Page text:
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03-25-2012, 12:07 PM   #1
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close focus conundrum

Good day all, I've a conundrum and I need the brains in this forum to help me sort it out.

First I must thank baro-nite for pointing me to RioRico's infinitely helpful "cheap macro" thread, which goes a long way toward answering my questions. I just need to draw out a point or two for further clarification.

My photography experience has to this point been almost exclusively with a small point-and-shoot camera. My just-ordered K-r should be here any day, and obviously I will have a lot of learning to do to put it to good use. That said, I believe I am looking to translate some techniques from the former to the latter.

Point and shoot cameras may be the David to DSLR's Goliath, but one thing I can do with a point and shoot, and which no DSLR has an easy time with, is close focus. With my little old Samsung L100, I can get right up in the face of whatever I'm shooting, and furthermore retain a wide angle of view while doing it. It's a technique that seems to work great for me. I like being right up close to my subject as it always achieves that certain something in the composition and perspective. If I felt really adventurous I could call it "macro panorama". Okay, that's a bit exaggerated, but you get the idea.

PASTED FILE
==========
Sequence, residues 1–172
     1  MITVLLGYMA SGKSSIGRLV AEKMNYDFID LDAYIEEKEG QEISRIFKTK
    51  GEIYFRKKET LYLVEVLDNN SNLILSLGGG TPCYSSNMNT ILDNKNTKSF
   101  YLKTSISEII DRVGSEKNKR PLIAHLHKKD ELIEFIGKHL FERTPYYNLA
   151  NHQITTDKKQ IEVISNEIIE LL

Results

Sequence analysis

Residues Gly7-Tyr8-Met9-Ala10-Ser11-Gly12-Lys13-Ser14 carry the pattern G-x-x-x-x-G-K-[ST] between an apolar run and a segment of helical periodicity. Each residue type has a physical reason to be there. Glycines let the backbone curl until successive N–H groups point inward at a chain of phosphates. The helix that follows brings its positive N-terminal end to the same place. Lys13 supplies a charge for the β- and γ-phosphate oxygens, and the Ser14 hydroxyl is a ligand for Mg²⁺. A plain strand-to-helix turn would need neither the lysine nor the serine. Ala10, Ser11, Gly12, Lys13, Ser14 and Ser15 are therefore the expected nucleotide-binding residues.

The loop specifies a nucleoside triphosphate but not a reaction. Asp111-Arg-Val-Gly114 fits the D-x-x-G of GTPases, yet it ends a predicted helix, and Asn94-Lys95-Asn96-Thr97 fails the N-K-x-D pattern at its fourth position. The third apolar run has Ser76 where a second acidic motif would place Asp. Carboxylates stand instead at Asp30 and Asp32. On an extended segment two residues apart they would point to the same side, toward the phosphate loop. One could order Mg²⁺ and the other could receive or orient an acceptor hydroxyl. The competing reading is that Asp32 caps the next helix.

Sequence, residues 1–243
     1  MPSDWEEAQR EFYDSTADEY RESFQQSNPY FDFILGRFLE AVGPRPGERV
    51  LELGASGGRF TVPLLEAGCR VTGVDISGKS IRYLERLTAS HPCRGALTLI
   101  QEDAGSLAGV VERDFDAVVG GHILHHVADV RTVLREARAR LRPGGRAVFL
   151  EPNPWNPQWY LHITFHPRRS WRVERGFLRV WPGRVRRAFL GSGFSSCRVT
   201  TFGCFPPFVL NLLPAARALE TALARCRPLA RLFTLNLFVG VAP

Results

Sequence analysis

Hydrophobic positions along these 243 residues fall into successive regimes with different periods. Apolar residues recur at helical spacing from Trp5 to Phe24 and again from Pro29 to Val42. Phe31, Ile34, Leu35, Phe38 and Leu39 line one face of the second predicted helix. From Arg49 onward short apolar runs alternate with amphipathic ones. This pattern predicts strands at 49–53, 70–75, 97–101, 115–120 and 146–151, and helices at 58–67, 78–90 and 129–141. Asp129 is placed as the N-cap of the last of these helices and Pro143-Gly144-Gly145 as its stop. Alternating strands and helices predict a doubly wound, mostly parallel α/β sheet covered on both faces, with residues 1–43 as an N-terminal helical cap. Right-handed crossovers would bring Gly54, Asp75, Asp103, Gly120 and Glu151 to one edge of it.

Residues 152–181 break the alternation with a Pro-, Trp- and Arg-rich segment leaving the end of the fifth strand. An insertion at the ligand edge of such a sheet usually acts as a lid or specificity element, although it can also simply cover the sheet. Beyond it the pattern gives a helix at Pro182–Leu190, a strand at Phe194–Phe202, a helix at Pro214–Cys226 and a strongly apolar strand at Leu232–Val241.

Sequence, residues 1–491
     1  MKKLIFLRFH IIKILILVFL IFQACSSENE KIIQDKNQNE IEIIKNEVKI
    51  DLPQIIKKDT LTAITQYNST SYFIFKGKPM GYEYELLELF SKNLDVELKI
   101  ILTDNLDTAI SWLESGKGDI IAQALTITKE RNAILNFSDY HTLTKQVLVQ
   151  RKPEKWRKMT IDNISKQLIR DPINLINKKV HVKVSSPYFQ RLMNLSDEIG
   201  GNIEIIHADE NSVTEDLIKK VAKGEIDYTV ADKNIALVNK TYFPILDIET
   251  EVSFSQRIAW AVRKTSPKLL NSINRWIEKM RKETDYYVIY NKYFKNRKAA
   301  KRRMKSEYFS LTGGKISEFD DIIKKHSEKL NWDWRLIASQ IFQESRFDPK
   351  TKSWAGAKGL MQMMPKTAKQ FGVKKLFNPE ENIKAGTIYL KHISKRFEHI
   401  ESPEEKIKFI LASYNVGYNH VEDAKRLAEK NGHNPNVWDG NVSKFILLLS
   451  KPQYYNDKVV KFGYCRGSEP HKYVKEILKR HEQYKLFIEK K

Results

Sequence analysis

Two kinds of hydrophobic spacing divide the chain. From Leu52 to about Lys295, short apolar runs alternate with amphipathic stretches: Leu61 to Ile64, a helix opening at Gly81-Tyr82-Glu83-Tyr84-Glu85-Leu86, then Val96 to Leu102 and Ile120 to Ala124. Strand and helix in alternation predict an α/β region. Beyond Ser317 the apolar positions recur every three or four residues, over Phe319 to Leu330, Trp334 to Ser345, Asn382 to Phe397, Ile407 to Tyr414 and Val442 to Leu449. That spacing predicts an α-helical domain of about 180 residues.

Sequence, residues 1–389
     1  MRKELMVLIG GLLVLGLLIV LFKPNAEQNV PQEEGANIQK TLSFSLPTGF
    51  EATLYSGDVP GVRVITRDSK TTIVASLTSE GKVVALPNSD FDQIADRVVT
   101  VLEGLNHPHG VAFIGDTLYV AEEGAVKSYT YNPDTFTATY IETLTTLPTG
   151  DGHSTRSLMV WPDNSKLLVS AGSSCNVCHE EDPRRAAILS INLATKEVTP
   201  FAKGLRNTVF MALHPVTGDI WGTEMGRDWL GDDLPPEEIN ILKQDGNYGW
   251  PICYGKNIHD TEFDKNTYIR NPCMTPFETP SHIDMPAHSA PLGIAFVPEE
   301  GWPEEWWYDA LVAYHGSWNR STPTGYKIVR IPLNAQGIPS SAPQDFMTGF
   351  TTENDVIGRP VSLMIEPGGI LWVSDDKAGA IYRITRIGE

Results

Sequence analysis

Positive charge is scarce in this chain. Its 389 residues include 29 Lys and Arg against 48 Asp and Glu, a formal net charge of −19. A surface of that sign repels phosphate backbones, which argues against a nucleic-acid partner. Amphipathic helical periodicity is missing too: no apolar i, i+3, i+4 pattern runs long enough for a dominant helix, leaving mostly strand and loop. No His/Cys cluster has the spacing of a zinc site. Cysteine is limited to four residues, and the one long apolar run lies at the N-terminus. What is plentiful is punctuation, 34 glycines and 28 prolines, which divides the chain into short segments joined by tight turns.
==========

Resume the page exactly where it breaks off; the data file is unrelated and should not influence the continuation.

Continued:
DSLRs on the other hand are good at high magnifications from a greater working distance, which inherently creates a much narrower field of view. While I do look forward to achieving some interesting high-magnification shots, I think I am actually more interested in the kind of perspective that comes out of my little Samsung.

So, to the point, what lens setup will get me the closest? I have done much research, and I do realize that I will never exactly duplicate the technique with my K-r. But I do know that I can get close. Thanks again to RioRico's excellent guide, I have discovered the world of enlarger lenses. These seem like a strong possibility. It is my understanding that enlarger lenses were optically engineered for a closer focus than typical SLR lenses, even macros.

Any hints, advice, comments, jokes, limericks or haikus on the subject are greatly appreciated. Thanks for helping an unlearned newbie out.

03-25-2012, 12:33 PM   #2
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I think any of the popular wide angle lenses will give you exactly what you're looking for. I foyu look through the reviews on the lens database most of them will have the minimum focus distance listed. I just did a cursory search and found that most appear to be able to focus as close as 6-12" from the subject. The wide angle will give you the field of view you describe.